Rosa setigera is an early summer-blooming native with a variable growth habit. Depending on what you read, it grows from 3–4 feet to perhaps 12–15 feet. This one is certainly in the double digits. I clipped long canes from July onwards last year, and came to the conclusion that I would have to move the rose further from the sidewalk. Its thorns are numerous and sturdy; I would not want a neighbor dog or child to tangle with it. There would be yelping. There would be tears.
Meanwhile, at the south end of the rain garden, the Rudbeckia triloba and the Eupatorium rugosa conspired with the blue flag last fall to hide the Clethra alnifolia, so the Clethra needs to move too.
Simple. Move the rose into the bed of myrtle under the front window, and move the Clethra into the rose’s old spot. Simple, except for the part about moving the rose. Our soil, it turns out, is glacial outwash from the last Ice Age—lots of gravel.
Moving a Rose
These instructions are meant for sturdy roses—in our neck of the woods, that includes shrub roses, and certainly Rosa setigera, but not hybrid tea roses.
Move roses while they are dormant; it’s much easier on the plant if it’s not losing water through its leaves while the roots are feeling shocked and trying to grow. Early spring is perfect.
Check the weather forecast. Ideally, you want rain coming, as well as several cool days with nights above freezing. Additionally, the job will take some muscle, determination, clippers, and a sharp spade.
Protect yourself. Wear gloves and long pants so you don’t get too scratched up. While this particular rose has big, sturdy thorns that can really rip skin, I consider the roses with finer thorns that break off to be more hazardous. Those finer thorns get under your skin easily and are difficult to remove.
Prepare the new spot. The new spot should be well drained and not have recently had a rose in it. Remove any plant cover from the area, which should be at least as large as the top of the hole you plan to create when removing the rose from its current spot.
Cut straight down around the perimeter of the hole, and put the soil on a tarp nearby. Don’t worry about getting it exactly right—you can adjust the new hole, once you’ve dug up the rose.
Protect your rose. Trim the rose back to approximately a foot or so. Prune the rose back to just inside the cut line you are envisioning that you will follow.
Put a tarp out within spade’s reach.
Dig the rose up. Use a spade to cut a circle around the rose. The spade will go straight down, while a shovel will go into the soil at an angle that will cut the roots too close. Roses grow deep, and the roots get big and woody, so make sure your spade is clean and sharp.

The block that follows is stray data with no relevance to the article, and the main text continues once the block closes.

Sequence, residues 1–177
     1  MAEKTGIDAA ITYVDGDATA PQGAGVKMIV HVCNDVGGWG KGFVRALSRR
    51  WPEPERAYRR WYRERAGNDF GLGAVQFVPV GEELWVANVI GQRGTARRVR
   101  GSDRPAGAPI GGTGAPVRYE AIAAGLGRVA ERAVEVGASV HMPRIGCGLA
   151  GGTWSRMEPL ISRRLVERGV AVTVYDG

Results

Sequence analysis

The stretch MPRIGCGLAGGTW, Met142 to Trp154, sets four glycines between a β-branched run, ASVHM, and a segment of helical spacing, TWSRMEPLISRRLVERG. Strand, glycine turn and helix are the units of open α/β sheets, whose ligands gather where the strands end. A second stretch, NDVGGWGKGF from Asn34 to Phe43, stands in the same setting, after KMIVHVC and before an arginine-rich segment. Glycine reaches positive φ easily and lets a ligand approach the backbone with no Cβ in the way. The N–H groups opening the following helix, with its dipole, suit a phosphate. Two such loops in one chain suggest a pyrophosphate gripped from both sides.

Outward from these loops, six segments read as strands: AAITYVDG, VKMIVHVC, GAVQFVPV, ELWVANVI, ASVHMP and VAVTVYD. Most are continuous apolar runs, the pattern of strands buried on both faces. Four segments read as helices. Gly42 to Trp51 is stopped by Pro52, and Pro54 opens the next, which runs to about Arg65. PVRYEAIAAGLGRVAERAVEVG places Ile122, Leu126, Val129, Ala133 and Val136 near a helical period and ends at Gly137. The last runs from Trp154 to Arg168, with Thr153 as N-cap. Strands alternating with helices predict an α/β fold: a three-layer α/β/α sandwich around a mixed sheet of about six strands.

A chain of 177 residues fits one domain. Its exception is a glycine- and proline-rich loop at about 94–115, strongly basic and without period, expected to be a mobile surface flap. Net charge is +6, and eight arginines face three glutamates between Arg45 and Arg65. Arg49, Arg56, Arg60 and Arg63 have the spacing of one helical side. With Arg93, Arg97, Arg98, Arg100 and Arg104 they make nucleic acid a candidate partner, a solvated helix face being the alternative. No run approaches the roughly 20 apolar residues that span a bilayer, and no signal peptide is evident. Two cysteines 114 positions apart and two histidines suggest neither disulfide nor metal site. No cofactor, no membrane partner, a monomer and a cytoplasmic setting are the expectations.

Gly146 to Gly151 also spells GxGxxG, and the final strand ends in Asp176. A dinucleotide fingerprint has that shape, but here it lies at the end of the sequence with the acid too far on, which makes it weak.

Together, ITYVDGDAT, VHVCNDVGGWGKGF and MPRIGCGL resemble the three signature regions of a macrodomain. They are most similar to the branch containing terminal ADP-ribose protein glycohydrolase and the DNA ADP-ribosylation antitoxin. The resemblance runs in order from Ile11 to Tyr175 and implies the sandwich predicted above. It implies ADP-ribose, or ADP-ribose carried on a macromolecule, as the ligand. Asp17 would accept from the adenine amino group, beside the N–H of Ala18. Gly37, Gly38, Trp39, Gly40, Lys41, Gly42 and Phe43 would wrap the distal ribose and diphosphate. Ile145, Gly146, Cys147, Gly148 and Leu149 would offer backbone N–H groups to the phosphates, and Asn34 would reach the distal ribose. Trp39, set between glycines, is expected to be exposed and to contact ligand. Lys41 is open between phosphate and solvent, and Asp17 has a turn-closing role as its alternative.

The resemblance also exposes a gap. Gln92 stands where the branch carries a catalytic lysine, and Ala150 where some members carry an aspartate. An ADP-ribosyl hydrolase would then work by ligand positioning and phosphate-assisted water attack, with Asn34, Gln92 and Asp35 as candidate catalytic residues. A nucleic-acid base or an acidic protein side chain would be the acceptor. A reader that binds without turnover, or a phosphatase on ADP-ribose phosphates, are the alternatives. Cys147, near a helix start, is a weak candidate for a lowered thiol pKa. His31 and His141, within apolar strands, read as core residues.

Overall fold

Make sure your clippers are clean and sharp too.
Go all the way around the rose, removing loose soil gently. Throw it on to the tarp. Be careful not to break off the smaller roots—they tend to be the ones that take up water and nutrients.
As you go further down, try rocking the plant occasionally to see if you are near the bottom. Once it rocks, you are nearly there. This hole turned out to be about 3˝ deeper than the spade blade is long.
You may find that you have to cut a root or two at the bottom. Leave them as long as you can. Leave the rose standing there while you finish digging the matching hole in its new location.
Now that you know how deep the hole needs to be, finish digging the new hole.
Move the rose. Wearing gloves, pull the rose out, holding it where the roots and stems meet. Put it on a tarp to move.
Audition the new hole. Stand it in the new hole and figure out what adjustments the hole needs. It may need to be dug a little deeper, or it may need a little hill of soil for the roots to be spread out upon. This one certainly needed to be deeper. Adjust the hole as needed.
Plant the rose. You can add some well-aged compost to the soil that’s going back in the hole, but don’t make the mixture too different in texture. You do not want to end up filling the sturdy subterranean bowl you just dug with a fluffy, rich mix that the roots would be disinclined to leave. The roots would end up encircling the bowl, like a potted plant that needs frequent watering. As you fill the hole, tamp the soil down gently. Water deeply about once a week the first summer, if it doesn’t rain.
Fill the original hole. In this case, I moved the Clethra into the rose’s former spot. To do that, I partially filled the hole, and then put the Clethra in.
I put soil under the roots that are sticking out so they would spread laterally, and then covered them with the remaining soil. After that, I pulled the leaf mulch that was there back over the soil.
The rain started in the night, and by the time it was done Saturday afternoon we had had a couple of inches, so the soil is well settled in around these newly moved roots.